Even with more charging, EV batteries are growing faster than range, and that’s not a good thing. The Rivian R1S tackles the American off-road trail often seen as Jeep’s stomping ground. And Fisker commits to Supercharger access. This and more, here at Green Car Reports.
Led by the prospects of big electric pickups and electric SUVs, the average EV battery pack size is growing at an alarming rate, even versus rated EV range, Bloomberg recently found. That’s because simultaneously the EVs themselves are getting larger—accelerating a “battery bloat” that will press resources and the supply chain harder than anticipated. Will reliable, widely available charging—or tech like solid-state batteries or energy density gains—reverse the trend?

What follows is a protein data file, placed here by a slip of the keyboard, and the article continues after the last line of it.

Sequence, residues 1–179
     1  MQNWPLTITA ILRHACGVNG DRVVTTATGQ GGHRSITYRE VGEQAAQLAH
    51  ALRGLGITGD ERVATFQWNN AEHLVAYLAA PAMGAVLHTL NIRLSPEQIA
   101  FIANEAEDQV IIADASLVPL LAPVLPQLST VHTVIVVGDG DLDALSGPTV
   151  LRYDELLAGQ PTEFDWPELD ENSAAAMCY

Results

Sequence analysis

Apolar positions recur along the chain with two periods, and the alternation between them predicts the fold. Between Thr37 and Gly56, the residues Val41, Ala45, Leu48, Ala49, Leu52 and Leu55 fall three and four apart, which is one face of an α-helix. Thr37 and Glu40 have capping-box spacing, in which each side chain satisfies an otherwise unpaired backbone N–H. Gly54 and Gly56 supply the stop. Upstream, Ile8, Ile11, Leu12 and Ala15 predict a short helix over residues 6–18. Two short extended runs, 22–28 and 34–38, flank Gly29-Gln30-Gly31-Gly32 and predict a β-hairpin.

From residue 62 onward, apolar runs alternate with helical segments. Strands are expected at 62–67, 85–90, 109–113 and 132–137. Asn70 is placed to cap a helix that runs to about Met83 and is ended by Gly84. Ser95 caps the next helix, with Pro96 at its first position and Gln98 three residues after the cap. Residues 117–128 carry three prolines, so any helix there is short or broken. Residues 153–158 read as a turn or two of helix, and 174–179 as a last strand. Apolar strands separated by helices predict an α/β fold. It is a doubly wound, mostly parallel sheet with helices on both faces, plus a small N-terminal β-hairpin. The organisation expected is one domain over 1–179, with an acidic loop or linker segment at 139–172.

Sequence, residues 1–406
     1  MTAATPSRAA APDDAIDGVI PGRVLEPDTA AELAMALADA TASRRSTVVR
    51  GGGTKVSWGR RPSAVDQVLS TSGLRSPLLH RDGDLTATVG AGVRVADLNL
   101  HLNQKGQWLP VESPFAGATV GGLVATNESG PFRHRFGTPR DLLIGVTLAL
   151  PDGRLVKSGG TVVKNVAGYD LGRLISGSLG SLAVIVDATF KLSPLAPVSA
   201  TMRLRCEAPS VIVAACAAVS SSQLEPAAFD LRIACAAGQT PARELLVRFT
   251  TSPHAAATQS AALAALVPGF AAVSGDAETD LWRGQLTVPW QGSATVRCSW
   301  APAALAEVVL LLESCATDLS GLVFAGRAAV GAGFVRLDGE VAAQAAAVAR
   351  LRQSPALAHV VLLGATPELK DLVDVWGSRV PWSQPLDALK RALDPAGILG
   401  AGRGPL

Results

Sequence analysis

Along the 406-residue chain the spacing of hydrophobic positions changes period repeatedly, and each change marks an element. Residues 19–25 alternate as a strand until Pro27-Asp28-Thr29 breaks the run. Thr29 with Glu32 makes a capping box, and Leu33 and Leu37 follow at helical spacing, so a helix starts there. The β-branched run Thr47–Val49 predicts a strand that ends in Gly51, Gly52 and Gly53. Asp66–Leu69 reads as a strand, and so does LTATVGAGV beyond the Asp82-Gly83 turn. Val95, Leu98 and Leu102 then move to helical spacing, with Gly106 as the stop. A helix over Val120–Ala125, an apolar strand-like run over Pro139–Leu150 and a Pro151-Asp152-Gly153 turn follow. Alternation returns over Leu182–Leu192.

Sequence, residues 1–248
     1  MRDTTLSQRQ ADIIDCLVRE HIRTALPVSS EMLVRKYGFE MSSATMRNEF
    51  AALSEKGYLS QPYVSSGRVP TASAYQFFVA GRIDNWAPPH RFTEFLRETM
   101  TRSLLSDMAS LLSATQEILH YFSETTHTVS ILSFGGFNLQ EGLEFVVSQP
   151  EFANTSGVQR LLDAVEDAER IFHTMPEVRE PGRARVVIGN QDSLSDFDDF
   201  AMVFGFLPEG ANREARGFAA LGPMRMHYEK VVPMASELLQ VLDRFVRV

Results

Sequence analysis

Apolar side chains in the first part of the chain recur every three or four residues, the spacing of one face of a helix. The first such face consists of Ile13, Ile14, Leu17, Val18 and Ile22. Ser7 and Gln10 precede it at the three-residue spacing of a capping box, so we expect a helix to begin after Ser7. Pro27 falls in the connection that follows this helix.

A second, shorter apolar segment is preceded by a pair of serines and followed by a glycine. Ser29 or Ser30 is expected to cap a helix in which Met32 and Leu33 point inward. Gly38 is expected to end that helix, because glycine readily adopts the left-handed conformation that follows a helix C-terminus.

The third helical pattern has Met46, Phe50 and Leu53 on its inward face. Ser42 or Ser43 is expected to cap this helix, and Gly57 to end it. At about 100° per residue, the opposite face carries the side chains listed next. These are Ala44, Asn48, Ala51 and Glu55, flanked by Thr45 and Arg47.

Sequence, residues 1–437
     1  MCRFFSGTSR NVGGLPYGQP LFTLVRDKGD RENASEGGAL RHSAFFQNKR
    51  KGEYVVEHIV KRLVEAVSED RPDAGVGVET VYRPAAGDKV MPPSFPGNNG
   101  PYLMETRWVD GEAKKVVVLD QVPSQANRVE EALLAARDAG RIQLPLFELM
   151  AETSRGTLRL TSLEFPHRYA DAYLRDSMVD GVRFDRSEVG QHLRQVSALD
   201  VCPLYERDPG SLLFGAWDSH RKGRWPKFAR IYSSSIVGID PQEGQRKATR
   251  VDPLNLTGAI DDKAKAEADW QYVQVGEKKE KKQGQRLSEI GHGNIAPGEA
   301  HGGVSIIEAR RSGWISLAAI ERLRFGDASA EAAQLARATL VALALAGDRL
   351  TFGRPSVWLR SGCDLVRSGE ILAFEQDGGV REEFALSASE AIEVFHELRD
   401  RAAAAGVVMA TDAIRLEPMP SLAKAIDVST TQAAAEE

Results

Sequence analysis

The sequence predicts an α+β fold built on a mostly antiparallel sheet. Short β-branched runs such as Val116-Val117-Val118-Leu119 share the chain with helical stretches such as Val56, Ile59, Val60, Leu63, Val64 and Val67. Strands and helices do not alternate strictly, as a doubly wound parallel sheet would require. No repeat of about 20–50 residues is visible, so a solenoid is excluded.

The Rivian R1S has achieved an off-road bragging right on what can seem at times to be Jeep’s exclusive domain—as the first electric SUV to tackle the Rubicon, in stock production form. With only “some cosmetic bumps and scrapes,” it’s a testament to the traction finesse that the brand’s Quad Motor layout affords. Jeep has no fully electric SUV as of yet.
And Fisker announced on Tuesday that it’s joining a growing group of automakers in offering Tesla Supercharger access starting in 2025—as well as the Tesla NACS charge port on its vehicles in the future. Given CEO Henrik Fisker’s adversarial relationship with Tesla at times in the past, this could be a great example of letting bygones be bygones for the sake of progress.